Recent reports increasingly show that bachelor’s-degree graduates are unprepared for the workplace. According to a Chronicle of Higher Education/American Public Media’s Marketplace survey of 50,000 employers, half said they had trouble finding recent graduates qualified to fill positions at their company, saying that many lack basic qualifications such as adaptability, written and oral communication skills, decision-making, and the ability to solve complex problems.
Among the study’s recommendations for universities is providing rich experiential opportunities that truly integrate the liberal arts with real world learning. Internships, employment, and experience, say hiring managers in nearly all industries, outweighs academics.
Said the report:
Colleges should go beyond a vision of majors articulating to specific careers. Majors matter to some extent, but in many cases, college majors is not the determinant of career entry. A college should approach career development as career exploration for a great many of its students guiding and supporting students with the right mix of solid liberal arts skills and content knowledge.
Part of the problem, note educational leaders is a cafeteria-style approach that trains students for specific careers without providing a strong liberal arts foundation. According to many Newman Guide schools, the answer lies in a cohesive program. Daniel Kempton, Vice President for Academic Affairs at Franciscan University of Steubenville spoke with The Cardinal Newman Society about the revised core being offered to all of its graduates.
“We see the purpose of higher education as preparing you to get a job, but we’re also passing along a rich intellectual tradition, and a third element, which Cardinal Newman described as “shaping a man,” or developing character. In so many areas of our lives, values are important. They aren’t teaching values at so many universities today.”
“A minority of schools offer a true core,” said Kempton. “It’s less and less common. There’s a desire to be more inclusive, which waters down the canon with modern philosophers or literature. The result is you get core education on one side of the spectrum with smorgasbord education on the otherside.” Kempton added that most schools are moving in the direction of “smorgasbord education.”
Franciscan University of Steubenville recently revised its core curriculum after a 20-year on-and-off again initiative. The revised core will begin being implemented, in phases, next fall.
“Over the last decade there’s been a lot of advancement in our science programs – pre-med, chemistry, nursing,” explained Kempton. “If you’re only taking two or three theology courses, which ones those are really matter.”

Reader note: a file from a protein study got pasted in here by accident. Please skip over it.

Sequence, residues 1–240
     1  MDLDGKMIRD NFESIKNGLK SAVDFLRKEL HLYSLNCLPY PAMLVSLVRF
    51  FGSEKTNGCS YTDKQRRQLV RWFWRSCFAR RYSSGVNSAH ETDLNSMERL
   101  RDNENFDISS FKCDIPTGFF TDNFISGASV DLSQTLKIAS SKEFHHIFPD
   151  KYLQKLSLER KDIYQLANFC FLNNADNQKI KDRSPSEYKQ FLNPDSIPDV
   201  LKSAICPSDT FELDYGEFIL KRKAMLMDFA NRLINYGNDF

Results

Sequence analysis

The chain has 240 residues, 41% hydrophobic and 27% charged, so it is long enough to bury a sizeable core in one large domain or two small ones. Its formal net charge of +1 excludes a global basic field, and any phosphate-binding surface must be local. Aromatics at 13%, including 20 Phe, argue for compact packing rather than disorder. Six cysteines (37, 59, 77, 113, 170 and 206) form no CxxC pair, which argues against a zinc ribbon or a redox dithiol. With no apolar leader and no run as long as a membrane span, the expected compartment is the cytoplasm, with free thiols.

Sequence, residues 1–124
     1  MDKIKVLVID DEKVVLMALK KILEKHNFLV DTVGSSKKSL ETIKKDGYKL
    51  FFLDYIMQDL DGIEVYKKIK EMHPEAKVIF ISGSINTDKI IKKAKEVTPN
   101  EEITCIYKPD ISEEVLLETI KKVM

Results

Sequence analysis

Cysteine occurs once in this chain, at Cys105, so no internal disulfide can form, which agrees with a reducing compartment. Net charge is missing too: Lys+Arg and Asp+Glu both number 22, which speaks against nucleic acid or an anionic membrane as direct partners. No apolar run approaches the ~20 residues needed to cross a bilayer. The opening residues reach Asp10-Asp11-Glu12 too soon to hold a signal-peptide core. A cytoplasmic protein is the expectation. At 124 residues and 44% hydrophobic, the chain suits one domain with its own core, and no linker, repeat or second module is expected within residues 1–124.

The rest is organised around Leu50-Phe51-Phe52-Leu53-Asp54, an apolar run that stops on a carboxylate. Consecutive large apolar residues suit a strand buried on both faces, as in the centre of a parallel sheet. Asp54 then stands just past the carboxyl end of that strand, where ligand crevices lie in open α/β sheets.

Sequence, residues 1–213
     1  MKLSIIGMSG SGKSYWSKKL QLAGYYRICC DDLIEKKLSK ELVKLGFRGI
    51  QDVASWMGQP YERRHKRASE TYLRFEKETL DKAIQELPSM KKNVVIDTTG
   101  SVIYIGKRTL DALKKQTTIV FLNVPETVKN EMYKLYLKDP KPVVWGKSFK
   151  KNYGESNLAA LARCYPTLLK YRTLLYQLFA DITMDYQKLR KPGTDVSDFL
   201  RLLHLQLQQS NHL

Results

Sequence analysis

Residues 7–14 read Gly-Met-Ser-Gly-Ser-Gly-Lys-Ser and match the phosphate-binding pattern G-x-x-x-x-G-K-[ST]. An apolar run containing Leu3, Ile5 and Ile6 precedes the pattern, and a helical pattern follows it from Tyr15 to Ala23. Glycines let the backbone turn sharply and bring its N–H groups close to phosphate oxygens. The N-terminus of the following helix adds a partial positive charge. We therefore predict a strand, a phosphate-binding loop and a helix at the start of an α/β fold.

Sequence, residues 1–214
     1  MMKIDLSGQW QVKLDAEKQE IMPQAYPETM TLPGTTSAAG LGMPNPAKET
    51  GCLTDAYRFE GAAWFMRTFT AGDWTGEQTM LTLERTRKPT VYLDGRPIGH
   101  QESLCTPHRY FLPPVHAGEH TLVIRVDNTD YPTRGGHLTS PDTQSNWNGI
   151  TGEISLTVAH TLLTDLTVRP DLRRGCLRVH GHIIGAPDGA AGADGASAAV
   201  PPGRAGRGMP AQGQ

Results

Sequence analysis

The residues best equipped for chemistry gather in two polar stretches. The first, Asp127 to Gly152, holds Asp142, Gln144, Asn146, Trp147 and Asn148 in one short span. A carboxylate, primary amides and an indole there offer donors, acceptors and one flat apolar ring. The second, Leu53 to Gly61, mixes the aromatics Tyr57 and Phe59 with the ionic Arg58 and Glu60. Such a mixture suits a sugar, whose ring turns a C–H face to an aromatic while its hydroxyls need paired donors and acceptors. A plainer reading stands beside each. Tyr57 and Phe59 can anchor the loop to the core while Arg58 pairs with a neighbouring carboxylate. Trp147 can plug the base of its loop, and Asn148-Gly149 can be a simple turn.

Franciscan’s revised core, Kempton explained, is guided by Ex Corde Ecclesiae, and the University’s philosophy and mission.
“We wanted a core that didn’t do any harm to any of our existing majors,” said Kempton. “It had to be one that our majors could finish in four years.”
As a result, the University’s revised core includes three philosophy courses (The Philosophy of the Human Person; Foundation of Ethics; and Metaphysics) and three theology courses (Foundations of Catholicism; Scripture and Tradition; and Christian Moral Principles). In addition, every student takes a history course in western civilization, two courses in classical literature, and a course in Catholic traditions in the fine arts. The core also requires six credits in the natural sciences, three in the social sciences, and three in America’s foundations.
“When a college is merely passing along technology as skills, they can’t always teach them what they’ll need tomorrow,” explained Kempton. “The technology they learn today will be different five years from now.”
Therefore, he explained that a core liberal arts education is one that educates students for a lifetime.
“In career-specific education, the requirements of accrediting bodies and the government sometimes prevent room in the curriculum for the content that students are supposed to learn,” he said. “We want to teach them the fundamental ideas which can transfer” no matter their position or where they are working.
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